2. Economic Contributions of Unpaid Labour

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Economic Contributions of Unpaid Labour

Unpaid labour constitutes a huge commitment of time and resources by Canadians. In 1987 the first “National Survey of Volunteer Activity” was conducted. Since then, several similar studies on time use have shown the staggering contributions of Canadian volunteers:

• In 1987, volunteers contributed 1.02 billion hours of unpaid labour.
• By 1997, that figure had grown to 1.11 billion hours.
• In 2000, volunteers donated enough hours to make up 549,000 full-time jobs—the entire paid labour force of Manitoba.
• In 2004 in the ‘Health & Hospitals’ sector alone, volunteers contributed 148 million hours: the equivalent of 77,000 full-time jobs.
• In 2007, an impressive 2.1 billion hours, or 1.1 million full-time jobs, were donated by unpaid workers.  A 3.7% increase in the number of Canadians over the age of 15 and an overall increase in the number of volunteers (669,000 more than the previous year) contributed to this drastic change.

Clearly the economic contributions of unpaid workers, as they are now being recognized, are enormous—this work, if performed by paid labourers, would constitute a formidable part of the national economy.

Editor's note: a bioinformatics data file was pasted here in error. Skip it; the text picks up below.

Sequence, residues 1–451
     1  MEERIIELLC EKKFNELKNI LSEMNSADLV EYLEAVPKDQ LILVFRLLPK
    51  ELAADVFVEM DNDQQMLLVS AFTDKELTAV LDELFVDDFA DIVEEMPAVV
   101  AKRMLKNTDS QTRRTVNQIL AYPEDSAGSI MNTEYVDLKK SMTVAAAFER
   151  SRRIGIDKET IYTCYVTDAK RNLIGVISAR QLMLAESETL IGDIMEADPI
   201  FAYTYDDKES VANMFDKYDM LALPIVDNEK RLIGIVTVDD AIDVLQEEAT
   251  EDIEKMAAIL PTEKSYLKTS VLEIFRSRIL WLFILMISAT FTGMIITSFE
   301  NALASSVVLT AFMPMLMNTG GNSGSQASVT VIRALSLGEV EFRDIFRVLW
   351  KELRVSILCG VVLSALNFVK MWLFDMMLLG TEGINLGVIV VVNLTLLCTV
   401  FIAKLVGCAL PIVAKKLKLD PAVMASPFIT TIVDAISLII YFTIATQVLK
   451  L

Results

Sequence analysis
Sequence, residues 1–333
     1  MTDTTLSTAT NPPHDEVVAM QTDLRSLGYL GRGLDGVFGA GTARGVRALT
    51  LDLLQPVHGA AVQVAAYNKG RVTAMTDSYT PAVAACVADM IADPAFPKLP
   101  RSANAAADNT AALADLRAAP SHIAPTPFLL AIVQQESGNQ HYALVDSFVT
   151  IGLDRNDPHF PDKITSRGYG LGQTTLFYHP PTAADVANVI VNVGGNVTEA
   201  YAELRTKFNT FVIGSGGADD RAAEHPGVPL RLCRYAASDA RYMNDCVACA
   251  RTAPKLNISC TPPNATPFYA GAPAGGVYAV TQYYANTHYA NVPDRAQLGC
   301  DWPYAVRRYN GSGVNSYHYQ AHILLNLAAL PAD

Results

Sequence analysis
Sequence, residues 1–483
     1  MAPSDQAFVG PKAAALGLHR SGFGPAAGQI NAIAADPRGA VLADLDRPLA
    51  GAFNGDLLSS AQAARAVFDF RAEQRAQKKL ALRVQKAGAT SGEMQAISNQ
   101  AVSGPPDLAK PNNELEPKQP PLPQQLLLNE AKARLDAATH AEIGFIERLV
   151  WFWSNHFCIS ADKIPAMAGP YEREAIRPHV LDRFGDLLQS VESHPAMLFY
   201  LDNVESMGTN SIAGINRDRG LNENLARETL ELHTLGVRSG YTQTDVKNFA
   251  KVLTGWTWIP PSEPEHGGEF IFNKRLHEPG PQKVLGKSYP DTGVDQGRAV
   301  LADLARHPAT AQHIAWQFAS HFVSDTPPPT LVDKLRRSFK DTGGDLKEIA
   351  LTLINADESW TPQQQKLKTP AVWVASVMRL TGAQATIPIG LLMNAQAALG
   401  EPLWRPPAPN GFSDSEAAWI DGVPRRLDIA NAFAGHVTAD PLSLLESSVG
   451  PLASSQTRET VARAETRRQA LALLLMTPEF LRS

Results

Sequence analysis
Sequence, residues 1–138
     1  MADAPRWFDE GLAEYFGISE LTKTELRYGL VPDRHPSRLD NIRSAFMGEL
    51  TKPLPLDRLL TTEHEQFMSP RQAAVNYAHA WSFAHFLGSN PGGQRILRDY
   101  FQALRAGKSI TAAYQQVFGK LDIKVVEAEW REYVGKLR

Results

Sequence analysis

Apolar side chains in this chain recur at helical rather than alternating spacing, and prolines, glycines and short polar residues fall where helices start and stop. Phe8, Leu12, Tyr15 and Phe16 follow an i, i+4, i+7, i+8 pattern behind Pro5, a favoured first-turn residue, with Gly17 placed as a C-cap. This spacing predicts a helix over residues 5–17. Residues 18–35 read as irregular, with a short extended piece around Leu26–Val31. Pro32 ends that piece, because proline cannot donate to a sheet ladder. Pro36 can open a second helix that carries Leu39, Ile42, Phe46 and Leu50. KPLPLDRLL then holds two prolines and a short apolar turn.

[Workers’ Rights] [Economic Contributions] [Women’s Inequality]

[Key Issues Regarding Unpaid Labour]

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References:

“Caring Canadians, Involved Canadians: Highlights from the 2007 Canada Survey of Giving, Volunteering, and Participating.” Imagine Canada, Toronto Ont. pp.36  [Read>]

“Giving and Volunteering forHealth Organizations and Hospitals” Canada Survey of Giving, Volunteering and Participating, 2004.  Imagine Canada, Toronto Ont.  [Read>]

Larry McKeown.  “Volunteering in Canada” National Survey of Giving, Volunteering, and Participating. Canadian Center for Philanthropy, Toronto, Ont. 2002. [Read>]

Marcus Parmegiani. “Volunteering in Canada: Factsheet #2” National Survey of Giving, Volunteering, and Participating. Canadian Center for Philanthropy, Toronto, Ont. 1997. [Read>]

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